krpalmer: (mst3k)
[personal profile] krpalmer
Rounding out the latest Mystery Science Theater 3000 collection, I've watched "Racket Girls," exploitation filmmaking at its finest... for 1951, anyway. Before we get into it, though, we're asked the question "Are You Ready For Marriage?"

Two young adults, one just out of high school and one just about to graduate from there, have been going steady for a few months ("The tepid embrace tells me they're ready for marriage!" "Welcome to as far as you're going to get.") Because their parents disapprove of them getting married so soon, though, they consider eloping but instead go see the marriage counsellor at a somewhat "official"-looking church. ("First Federal Church, member FDIC.") He breaks out some simple charts demonstrating how the "chance for happiness" increases with engagement time ("And so on, into infinity." "Can I see the raw data?") and an odd board where dolls connected by strings represent "emotional distance," ("Bobby Orr's Electric Marriage! Real marriage action.") trying to convince them to get beyond the "early physical reaction... that hits you sort of... boing!" ("You saw my boing?") Steadied by this wise counsel, the young couple wind up "engaged to get engaged." ("Boing, everybody!")

As for the movie itself, we start off with an interminable bout of women wrestling in pretty sensible athletic togs, a crowd screaming the only soundtrack. ("Boy, that music really draws you in." "Is there a midway nearby?") The moustached guy in charge of this, who has a tiny moustached Italian sidekick who gets tossed around by the wrestlers during their workouts, has brought in a new talent Peaches Page, who gets right around to working out as well. ("I'm being turned on by a woman who is long dead!...") It also happens that the guy in charge owes money to the mob and "Mr. Big," who's always seen from behind, and in between other interminable bouts of female wrestling ("All I can say is it must have been much easier to get turned on back then." "My loins will never stir again.") Peaches sees the light and (apparently) leaves, and the guy in charge rifles his own safe and flees, only to be gunned down along with his sidekick by the mobsters. However, the police are there on the scene and the mobsters get arrested.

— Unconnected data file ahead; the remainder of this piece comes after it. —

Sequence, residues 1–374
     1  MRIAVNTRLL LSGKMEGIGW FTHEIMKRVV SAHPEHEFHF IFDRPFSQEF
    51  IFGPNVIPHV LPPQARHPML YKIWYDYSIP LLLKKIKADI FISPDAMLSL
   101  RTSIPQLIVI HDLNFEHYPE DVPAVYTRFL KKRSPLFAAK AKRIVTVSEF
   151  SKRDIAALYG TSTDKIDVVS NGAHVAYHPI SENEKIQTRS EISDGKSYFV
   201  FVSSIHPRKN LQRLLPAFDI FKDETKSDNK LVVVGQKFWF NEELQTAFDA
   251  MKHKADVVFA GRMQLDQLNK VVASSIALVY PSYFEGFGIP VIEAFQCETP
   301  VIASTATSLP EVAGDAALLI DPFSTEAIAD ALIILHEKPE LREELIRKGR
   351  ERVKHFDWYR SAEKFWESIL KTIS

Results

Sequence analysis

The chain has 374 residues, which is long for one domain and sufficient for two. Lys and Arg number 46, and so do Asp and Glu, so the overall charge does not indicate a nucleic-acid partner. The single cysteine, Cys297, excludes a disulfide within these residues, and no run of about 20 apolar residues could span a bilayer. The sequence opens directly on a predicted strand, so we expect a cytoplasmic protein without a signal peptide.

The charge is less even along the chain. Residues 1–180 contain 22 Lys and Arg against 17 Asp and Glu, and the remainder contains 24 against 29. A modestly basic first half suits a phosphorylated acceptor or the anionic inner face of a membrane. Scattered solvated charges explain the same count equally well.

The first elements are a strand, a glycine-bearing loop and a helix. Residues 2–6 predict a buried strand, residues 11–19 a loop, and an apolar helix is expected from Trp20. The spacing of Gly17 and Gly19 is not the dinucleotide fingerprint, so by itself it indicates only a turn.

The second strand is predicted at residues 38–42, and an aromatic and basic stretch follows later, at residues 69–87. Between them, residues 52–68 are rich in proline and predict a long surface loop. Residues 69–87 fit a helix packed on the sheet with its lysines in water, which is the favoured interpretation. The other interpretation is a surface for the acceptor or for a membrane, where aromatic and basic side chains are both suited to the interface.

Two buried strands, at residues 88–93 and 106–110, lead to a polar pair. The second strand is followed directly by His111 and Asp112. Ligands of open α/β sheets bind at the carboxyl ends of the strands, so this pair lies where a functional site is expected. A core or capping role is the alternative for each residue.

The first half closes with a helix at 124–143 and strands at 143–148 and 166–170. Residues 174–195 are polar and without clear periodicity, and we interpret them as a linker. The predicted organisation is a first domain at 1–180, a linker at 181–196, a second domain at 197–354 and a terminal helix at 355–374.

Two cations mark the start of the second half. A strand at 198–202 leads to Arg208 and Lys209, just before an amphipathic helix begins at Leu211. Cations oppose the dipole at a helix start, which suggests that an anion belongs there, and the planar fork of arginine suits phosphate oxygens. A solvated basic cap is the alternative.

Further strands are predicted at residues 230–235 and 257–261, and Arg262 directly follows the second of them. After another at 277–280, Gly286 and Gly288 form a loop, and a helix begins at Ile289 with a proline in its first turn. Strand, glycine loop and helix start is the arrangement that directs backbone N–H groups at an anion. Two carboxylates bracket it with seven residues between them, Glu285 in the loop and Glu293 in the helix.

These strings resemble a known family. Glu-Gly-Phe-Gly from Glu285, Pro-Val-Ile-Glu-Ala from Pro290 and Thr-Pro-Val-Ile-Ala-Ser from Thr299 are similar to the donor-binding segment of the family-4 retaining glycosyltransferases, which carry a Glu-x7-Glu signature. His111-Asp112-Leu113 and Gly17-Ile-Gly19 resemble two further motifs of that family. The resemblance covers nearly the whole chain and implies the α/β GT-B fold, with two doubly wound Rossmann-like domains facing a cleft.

With long stretches of no dialogue, there's plenty of space for "riffing," but I can certainly see how the disjointed nature of things might finally seem "too much of a good thing." An opening "host segment" featuring Lisa Loeb seems to more or less go over my head, but things pick up there when a strange family wanders into Deep 13 and Dr. Forrester starts struggling with the security system. Then, after the short, Crow asks for Tom Servo's hand in marriage; Mike soon comes around to this and after Crow's bachelor party, the ceremony itself begins with Servo in a wedding dress and Dr. Forrester officiating. However, he manages to get into a fight with the strange family, a wrestling bout breaks out on the Satellite of Love, and Crow concludes that maybe he's not ready for marriage after all. Rounding things out, Crow, Mike, and Tom dress as the masked wrestlers "Professor Hurts, Count De La Pain, and Sir Slamsalot" (Tom recycles the Batman mask he had on in "Zombie Nightmare") and Lisa Loeb shows up in Deep 13. All in all, I do seem to have found the experience entertaining. The "riff" "This movie is refreshingly itself" seems somehow appropriate...

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